Organic Cotton accounts for less than approx 1/3rd of one percent of worldwide production. Most of it originating in Peru, Turkey, and Uganda. In United Sates, only approx 1/10th of one percent is grown organically, which is "round out to zero" according to a spokesman for the National Cotton Council. What makes yarn organic? »

Sea Island Cotton, the finest black-seed cotton ever grown anywhere or at any time (Florida, Georgia and South Carolina coast) was developed by Kinsley Burden through his advanced method of seed selection. This superior cotton with its silky fiber was in high demand for the production of muslins and exquisite laces. It was a major export from 1786 until its demise in 1920 after the civil war between North and South (1861-1865), the loss of proper seed selection and hybridization with upland cotton (in the early 1900s, when the upland cotton was planted adjacent to the fields with the sea island variety) reducing the quality of the staple, and decrease in consumption (1912-1913) resulting in shifting mills to the new, coarser, long -staple Egyptian cotton - Sakellaridis. Also, two great calamities were the final stages in declining of Sea Island cotton production: a great tidal wave in 1893 and the arrival of the boll weevil in 1918 ending the sea island cotton industry in the 1919-1920 growing season. Thereafter the greatest ever cotton disappeared, making room for the new, more important than cotton, basically provision crops such as sweet potatoes, corn and other crops raised for the farmers' own needs, producing income. Although the genetic base of the Sea Island cotton survives and a similar quality long-staple cotton could be planted, but not on a large scale, the true sea island cotton is gone forever. "The continuous genetic line from the last crops of South Carolina Sea Island cotton was lost, and cannot be replaced." Reference: The Story of Sea Island Cotton, The Charleston Museum.

Mercerization is a finishing process for cotton using caustic soda (lye) to improve strength of the yarn, ability to take dye, and luster (if done under tension). It was discovered in 1844 by John Mercer (England). What is Lisle ? Lisle is a strong, hard-twisted two-ply yarn made of long staple cotton fiber, and is usually mercerized to achieve a smooth finish. It is named after the city of Lisle (Lille) in France.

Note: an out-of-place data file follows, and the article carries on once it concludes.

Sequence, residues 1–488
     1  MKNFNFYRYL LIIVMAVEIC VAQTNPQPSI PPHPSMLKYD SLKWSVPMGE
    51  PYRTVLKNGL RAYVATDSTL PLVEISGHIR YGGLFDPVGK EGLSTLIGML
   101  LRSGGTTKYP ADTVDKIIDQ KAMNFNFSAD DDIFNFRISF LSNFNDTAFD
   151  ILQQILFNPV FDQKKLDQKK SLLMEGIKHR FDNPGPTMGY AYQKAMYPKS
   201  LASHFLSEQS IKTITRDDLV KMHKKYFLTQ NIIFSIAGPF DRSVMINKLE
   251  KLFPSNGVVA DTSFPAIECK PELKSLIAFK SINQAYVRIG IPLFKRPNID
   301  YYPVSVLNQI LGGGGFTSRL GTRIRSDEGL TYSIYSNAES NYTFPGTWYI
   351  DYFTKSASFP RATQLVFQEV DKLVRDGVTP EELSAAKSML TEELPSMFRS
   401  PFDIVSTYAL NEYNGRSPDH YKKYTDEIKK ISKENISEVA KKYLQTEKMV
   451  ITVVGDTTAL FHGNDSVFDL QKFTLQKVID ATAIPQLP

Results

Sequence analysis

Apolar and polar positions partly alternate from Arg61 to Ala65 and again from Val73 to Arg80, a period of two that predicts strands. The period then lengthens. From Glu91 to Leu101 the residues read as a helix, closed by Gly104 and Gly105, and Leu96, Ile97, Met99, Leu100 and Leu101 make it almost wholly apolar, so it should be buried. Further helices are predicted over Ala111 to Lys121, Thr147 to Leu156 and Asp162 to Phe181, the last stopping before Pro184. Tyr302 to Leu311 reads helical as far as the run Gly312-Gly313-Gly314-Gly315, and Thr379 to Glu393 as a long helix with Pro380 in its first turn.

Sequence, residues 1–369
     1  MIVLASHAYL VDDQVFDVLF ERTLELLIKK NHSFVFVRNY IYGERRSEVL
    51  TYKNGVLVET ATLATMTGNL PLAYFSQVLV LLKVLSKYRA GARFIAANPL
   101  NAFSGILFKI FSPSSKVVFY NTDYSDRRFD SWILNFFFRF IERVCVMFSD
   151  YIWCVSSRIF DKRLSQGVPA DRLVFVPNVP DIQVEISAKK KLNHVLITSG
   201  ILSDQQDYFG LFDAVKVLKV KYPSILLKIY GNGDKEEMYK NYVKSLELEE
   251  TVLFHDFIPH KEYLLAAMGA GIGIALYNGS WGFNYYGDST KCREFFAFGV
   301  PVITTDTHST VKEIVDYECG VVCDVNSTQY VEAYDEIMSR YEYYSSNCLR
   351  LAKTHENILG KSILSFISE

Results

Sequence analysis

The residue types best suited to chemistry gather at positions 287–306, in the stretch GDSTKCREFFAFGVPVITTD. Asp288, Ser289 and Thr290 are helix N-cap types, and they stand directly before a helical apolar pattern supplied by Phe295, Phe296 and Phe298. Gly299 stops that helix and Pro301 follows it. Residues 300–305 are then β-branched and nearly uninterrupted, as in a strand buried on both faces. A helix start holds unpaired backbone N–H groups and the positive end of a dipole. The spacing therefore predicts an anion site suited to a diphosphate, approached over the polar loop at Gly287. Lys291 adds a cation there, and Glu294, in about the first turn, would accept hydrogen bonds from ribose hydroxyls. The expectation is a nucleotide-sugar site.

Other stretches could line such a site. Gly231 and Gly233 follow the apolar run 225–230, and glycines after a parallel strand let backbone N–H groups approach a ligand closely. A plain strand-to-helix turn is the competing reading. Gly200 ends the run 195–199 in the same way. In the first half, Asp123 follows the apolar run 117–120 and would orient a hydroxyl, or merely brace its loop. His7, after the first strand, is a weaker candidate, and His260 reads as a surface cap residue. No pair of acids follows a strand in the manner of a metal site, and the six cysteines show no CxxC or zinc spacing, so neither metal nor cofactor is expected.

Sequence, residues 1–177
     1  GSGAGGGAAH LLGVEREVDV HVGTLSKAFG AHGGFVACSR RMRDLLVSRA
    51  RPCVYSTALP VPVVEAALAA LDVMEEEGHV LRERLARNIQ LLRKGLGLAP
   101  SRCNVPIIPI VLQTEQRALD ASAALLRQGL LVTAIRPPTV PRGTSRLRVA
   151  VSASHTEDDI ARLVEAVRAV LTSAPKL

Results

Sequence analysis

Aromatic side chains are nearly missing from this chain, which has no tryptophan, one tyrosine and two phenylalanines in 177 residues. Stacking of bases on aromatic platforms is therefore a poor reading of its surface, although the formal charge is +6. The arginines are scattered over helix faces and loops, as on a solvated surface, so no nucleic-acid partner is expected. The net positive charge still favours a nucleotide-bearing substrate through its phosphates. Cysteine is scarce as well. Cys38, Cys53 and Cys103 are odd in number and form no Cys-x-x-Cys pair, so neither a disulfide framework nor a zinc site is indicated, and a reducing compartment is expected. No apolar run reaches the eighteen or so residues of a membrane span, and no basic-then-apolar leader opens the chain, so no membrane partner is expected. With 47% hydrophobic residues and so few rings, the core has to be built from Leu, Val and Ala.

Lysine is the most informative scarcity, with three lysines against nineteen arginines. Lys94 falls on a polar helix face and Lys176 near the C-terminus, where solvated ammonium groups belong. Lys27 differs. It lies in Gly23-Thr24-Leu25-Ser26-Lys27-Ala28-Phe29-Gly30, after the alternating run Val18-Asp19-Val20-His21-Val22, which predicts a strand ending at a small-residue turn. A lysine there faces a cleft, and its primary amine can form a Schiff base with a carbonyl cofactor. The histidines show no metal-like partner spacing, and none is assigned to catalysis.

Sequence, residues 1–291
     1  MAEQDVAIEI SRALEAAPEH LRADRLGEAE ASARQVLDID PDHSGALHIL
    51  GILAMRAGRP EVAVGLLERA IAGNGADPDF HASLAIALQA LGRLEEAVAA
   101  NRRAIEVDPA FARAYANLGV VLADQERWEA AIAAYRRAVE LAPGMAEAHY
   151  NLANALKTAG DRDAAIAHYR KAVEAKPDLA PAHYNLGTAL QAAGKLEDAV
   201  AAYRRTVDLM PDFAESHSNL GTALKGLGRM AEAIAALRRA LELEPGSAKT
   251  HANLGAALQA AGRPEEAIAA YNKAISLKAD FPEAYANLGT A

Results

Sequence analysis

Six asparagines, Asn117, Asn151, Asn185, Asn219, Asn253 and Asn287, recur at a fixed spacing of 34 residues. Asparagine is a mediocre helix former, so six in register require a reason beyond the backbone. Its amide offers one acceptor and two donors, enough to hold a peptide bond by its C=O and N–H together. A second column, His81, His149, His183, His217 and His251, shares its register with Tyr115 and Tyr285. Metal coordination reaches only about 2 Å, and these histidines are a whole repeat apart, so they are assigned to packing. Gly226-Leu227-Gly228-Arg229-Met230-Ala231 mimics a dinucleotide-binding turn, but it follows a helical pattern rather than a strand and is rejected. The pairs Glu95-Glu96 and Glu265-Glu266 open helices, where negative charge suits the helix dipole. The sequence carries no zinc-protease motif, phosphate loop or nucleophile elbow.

Cotton, The Biography of a Revolutionary Fiber by Stephen Yafa

BUTTERFLY animation
  COTTON, The Biography Of A Revolutionary Fiber,
A Documentary Novel by Stephen Yafa »

What do lipstick, gunpowder, crackers, and paper money have in common? In a word, cotton - at any given time practically everyone on earth is wearing or using or eating something made from and/or with it. From its domestication some 5,500 years ago to its vast control today over our government policies, this is the incredible story of the crop that spawned the Industrial Revolution, sparked the American Civil war, and made at least one bug - the boll weevil - world famous. Circling the globe and cutting across centuries, "Cotton" is the epic tale of the humble fiber that - again and again - reinvented our world. Please order here »

{FYI} We think of cotton as White, but actually it is Pale Grey in the pod. During the pre-Inca Andean civilization, natural cotton was vibrantly multicoloured, or even chocolate brown. Later, it was cultivated in shades of brown, yellow, russet, and lilac hues. During the pre-Columbian times, textile fibers were bleached not only by drying on the sun, but also by treatment with lye, minerals, and plant juices. To whiten cotton fiber, the Aztecs used lyewater as a bleaching agent as well as a mineral called Tizatlalli (White Earth). In northern Colombia, the acid-sweet juice of Caña Agria (a plant of the ginger family) was a bleaching solution. Reference: Chemical Art and Technologies of Indigenous Americans, Burton L. Gordon (2009).

The Global Organic Textile Standard (GOTS) is the European and now worldwide leading textile processing standard for organic fibres, including ecological and social criteria, backed up by independent certification of the entire textile supply chain. The aim of the standard is to define world-wide recognized requirements that ensure organic status of textiles, from harvesting of the raw materials, through environmentally and socially responsible manufacturing up to labeling in order to provide a credible assurance to the end consumer. Read more »

  STANDARD 100 by OEKO-TEX® is one of the world's best-known European labels for textiles tested for harmful substances. If a textile article carries the STANDARD 100 label, you can be certain that every component of this article, i.e. every thread, button and other accessories, has been tested for harmful substances and that the article therefore is harmless in human ecological terms. The test is conducted by our independent OEKO-TEX® partner institutes. Read more »